Mark III Systems Blog

Getting Started with Source Control Management for a System Admin

As a systems admin, with years of experience writing code, here are some of my thoughts on Source Control Management.

Using a scratch and defined repository

Throughout the years, I have written many a quick-and-dirty script or function to augment a process, standardize input or normalize data. These usually get tossed around the enterprise on a scheduled task server or just lay around on a share somewhere. The source gets distributed, persons may take this code and copy it to their own run location and there it lives. I expect that for the most part this is how many of the Sysadmins still operate today. I am guilty of the old… script1 becomes script1-somedate or script1.bkp and the new script replaces the old. I suppose I don’t have to explain how this can create major support challenges.

As Microsoft has made Powershell essentially the requirement for daily activities it is even more important to keep these tools around and share them throughout the enterprise and or the community. To also make sure that the development process is documented and controlled. That people can go to a repository for the code and assure that they are receiving the latest version. That they can also fork the code and adjust while also being able to reference back to the upstream source.

Insert Source Control Management – An essential toolkit for today’s Sysadmins.

Source control management has been around for a long time and was once simply a tool for developers. Today admins write scripts that are just as important to the enterprise as full blown homegrown applications. Building a relatively simple process for Sysadmins to use for source control brings a major value to the enterprise.

I personally use GitHub but there are many more available. These tools have one thing in common. They store and track source code for developers.

I keep a scratch repo on GitHub where I usually begin development. This repo has all kinds of things and all kinds of languages. It’s mostly an incubator where I begin to write Q&Ds and get something off the ground. The IDE isn’t very important but one that can integrate with your SCM is super helpful. I use VSCode. You will also need to install Git.

Here is my basic process…

  1. Obtain a GitHub account
  2. Create a new repository

Be creative with the name if you would like. I go with Scratch

  • Clone the repo local - I keep a folder in My Documents directory called REPOS
  • Change directory into the REPOS folder and clone your repo to the local folder
  • Use the link of the “Clone or download” button from the GitHub repo
  • From the command line, as REPOS as your working directory issue

git clone <url copied from new repo>

This will create a folder in REPOS called scratch (assuming you named your repo scratch)

At this point you have a local copy of the repo and you can start moving your “scripts” into this folder.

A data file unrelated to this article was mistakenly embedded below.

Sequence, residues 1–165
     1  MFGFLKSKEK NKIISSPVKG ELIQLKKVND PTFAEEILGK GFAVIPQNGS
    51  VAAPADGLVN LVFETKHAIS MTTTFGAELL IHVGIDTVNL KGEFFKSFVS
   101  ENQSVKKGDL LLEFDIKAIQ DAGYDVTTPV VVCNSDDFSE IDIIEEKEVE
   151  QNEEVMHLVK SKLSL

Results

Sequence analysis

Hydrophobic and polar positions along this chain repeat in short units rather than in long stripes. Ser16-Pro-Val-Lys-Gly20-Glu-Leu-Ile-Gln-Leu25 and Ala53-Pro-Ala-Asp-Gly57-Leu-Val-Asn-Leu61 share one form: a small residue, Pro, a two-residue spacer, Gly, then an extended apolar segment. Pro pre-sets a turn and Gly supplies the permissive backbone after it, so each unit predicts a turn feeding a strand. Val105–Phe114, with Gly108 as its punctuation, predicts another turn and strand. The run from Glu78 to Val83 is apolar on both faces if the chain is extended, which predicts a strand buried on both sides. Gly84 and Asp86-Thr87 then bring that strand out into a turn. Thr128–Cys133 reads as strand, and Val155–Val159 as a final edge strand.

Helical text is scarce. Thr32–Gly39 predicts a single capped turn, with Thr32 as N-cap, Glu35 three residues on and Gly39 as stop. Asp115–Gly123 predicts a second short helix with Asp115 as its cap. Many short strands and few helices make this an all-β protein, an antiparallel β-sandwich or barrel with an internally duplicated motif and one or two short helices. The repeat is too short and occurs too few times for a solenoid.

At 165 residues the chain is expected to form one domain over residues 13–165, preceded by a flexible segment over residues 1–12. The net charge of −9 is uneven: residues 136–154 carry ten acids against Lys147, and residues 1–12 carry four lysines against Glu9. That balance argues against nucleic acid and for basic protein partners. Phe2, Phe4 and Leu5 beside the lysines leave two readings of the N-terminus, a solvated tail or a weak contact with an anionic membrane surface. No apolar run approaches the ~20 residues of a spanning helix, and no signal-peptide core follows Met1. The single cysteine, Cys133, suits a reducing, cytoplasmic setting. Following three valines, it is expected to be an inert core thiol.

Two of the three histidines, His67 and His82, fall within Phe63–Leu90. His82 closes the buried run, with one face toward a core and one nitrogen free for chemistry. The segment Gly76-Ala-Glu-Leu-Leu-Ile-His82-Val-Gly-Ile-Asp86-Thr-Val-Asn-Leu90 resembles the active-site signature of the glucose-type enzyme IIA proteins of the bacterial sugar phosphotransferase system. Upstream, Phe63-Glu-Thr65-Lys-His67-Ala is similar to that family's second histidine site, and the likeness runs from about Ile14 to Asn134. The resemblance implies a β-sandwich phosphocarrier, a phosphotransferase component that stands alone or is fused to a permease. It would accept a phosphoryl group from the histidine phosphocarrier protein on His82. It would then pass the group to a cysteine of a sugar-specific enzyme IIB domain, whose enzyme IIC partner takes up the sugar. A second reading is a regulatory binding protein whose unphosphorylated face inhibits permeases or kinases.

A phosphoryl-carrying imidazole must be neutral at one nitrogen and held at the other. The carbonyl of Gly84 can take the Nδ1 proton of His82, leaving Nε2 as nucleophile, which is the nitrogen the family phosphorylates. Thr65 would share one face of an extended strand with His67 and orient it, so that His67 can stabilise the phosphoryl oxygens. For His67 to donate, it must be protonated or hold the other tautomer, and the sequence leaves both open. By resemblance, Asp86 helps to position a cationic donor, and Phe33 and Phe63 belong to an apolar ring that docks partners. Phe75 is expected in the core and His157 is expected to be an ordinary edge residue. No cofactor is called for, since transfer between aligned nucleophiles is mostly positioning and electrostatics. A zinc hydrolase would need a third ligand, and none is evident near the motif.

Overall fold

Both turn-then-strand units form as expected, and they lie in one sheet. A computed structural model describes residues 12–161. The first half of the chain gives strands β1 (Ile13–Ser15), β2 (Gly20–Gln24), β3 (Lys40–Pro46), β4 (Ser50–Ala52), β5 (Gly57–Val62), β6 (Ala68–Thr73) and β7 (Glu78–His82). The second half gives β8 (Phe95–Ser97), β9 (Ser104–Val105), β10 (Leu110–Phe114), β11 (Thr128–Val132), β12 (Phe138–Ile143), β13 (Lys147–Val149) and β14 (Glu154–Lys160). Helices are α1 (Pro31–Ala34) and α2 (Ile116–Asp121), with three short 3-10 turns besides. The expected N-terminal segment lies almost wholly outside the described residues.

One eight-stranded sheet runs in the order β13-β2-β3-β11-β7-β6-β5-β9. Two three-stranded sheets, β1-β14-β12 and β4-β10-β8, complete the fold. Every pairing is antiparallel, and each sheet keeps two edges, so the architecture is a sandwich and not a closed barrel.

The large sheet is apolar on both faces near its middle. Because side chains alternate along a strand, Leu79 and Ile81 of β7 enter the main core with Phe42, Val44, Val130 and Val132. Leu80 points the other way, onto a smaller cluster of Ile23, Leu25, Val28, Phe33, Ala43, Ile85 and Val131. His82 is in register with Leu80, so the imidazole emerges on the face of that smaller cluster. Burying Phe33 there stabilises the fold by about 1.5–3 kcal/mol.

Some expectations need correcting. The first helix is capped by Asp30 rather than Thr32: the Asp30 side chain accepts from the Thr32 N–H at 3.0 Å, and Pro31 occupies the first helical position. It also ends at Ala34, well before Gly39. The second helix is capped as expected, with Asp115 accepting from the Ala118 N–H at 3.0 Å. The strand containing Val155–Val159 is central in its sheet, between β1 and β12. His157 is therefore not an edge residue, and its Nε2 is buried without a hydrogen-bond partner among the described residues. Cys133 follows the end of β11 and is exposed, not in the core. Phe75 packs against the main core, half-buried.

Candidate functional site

Files in the repo will need to be marked for tracking.

  • Add your files to the repo

git add <filename> or git add .

The period will add all files in the folder for tracking whereas the filename is more specific to track only the files defined.

For now stick with “git add .” if you like, especially for scratch.

  • Commit the changes made to the files in scratch and make a comment on the commit (i.e. Initial Commit).

git commit

  • Push the changes to the repo.

git push

Now you have a scratch repo where you can work on your Q&D scripts and track changes. As you add new files you would simple add the new file for tracking, commit and push. In scratch it isn’t to important for me to be strict on the commit verbiage as I move them out pretty quickly once I know this is something that is going to “stick”.

As your “scripts” mature or if you want to share them. You would go through a similar process to create a new Repo designated for the “scripts”. This repo should be named appropriately to help identify the purpose and contents.

Move your intended scripts to the new repo and “git add”, “git commit”, “git push”.

You can then either make this repo public or add collaborators.

Other advanced SCM topics are beyond the scope of this write up.

I always keep Scratch private and I do not add collaborators


Today it is essential that all Sysadmins use a SCM to store their code. This code should be kept in repositories that are available for tracking changes, issues and requests for enhancements. There are many other techniques and processes for using SCM. I wanted to keep this super simple and give a quick rundown of how Sysadmins could adopt SCM into their current development processes.

Look for a future post on VSCode and how I use it with github and git bash.


SCMs will track every change to your code. If you hard code a password or any credentials your development process they may be written permanently to your SCM. This is bad. Avoid placing valid credentials in your code.

Here is some help if you happen to accidentally write sensitive information into your SCM if it is GitHub.

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